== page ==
David Chandler's Journal of Java Web and Mobile Development

  • David M. Chandler

    Web app developer since 1994 and former Developer Advocate with Google now residing in Colorado. Besides tech, I enjoy landscape photography and share my work at ColoradoPhoto.gallery.

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Archive for June 9th, 2014

Debug an Android annotation processor with gradle and IntelliJ (or Eclipse)

Posted by David Chandler on June 9, 2014

Alex Gherschon and I have recently added maven support to storm-gen (note: I plan to push to Maven Central this week). You can now build and install storm-gen to your local maven repository with

git clone https://github.com/turbomanage/storm-gen.git
cd storm-gen/storm-apt
mvn clean install

Since gradle can pull in maven artifacts, you can then include storm-gen in your gradle build file like this:

apply plugin: 'android'
apply plugin: 'android-apt'

android {
    compileSdkVersion 19
    buildToolsVersion "19.0.3"

    defaultConfig {
        minSdkVersion 10
        targetSdkVersion 19
        versionCode 1
        versionName "1.0"
    buildTypes {
        release {
            runProguard false
            proguardFiles getDefaultProguardFile('proguard-android.txt'), 'proguard-rules.txt'

dependencies {
    compile 'com.android.support:appcompat-v7:+'
    compile 'log4j:log4j:1.2.17'
    compile 'javax.persistence:persistence-api:1.0'
    compile 'com.turbomanage.storm:storm-api:0.98'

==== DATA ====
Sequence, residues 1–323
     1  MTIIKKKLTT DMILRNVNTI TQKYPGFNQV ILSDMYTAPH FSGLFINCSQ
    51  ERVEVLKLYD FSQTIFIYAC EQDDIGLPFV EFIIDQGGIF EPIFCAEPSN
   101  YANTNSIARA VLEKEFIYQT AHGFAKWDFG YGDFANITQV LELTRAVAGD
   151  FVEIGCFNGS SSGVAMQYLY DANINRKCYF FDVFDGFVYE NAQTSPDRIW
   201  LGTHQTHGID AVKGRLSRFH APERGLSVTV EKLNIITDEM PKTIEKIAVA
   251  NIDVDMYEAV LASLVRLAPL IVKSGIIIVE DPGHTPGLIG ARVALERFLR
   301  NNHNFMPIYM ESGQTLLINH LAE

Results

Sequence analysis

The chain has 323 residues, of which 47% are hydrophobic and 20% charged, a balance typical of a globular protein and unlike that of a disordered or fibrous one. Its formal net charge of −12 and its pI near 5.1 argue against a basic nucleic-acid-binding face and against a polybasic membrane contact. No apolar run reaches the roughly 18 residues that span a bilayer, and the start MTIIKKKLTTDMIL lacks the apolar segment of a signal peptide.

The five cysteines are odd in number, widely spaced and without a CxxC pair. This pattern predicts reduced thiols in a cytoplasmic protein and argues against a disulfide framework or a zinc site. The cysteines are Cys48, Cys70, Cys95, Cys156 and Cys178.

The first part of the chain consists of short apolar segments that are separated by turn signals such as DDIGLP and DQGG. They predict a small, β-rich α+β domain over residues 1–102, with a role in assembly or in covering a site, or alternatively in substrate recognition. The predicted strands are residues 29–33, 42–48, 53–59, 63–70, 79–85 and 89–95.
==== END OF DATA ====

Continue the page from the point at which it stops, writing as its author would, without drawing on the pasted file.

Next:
apt 'com.turbomanage.storm:storm-impl:0.98'

Now here’s the fun part. Previously, in order to debug and set breakpoints in the annotation processor itself, I used Eclipse RCP and ran it as an Eclipse plugin. Fortunately, there’s now an easier way using Java remote debugging. There are several variations on this technique (configuring an annotation processor directly in IntelliJ or debugging a gradle script). Unfortunately, Android Studio rejected my adding the Xdebug JVM args directly to the gradle script. However, I found this workaround. It is not fully integrated with AS, but does allow me to debug the annotation processor on demand by running the gradle script.

Add these lines to your ~/.gradle/gradle.properties:


Then do something that causes the gradle daemon to start.

gradle --daemon

Now you can go into IntelliJ or Android Studio and attach a remote debugger. I use IntelliJ because AS won’t import the storm-gen maven projects and the whole point of this exercise is to set breakpoints in the storm-gen annotation processor. The screenshot shows configuring a remote debugger in IntelliJ. Just accept the defaults and make sure the port number matches your gradle.properties. It should also work in Eclipse.

remote debug config

Configure a remote debugger in IntelliJ

The remote debugger should attach to the running gradle daemon. You can then tickle the annotation processor by running a build. For example, this runs the storm-gen tests on an already-running emulator or connected device:

cd storm-test
gradle clean connectedCheck

When the annotation processor runs, your breakpoint in IntelliJ (or Eclipse) should fire.

One caution with this technique is that Android Studio will also use the gradle daemon because it’s now configured in your gradle.properties. But if you launched the daemon from the command line, AS will try to launch it again and you’ll see an error message about the port already in use. In that case, simply kill the running gradle process and AS should be happy.

Posted in Android, IntelliJ | 1 Comment »

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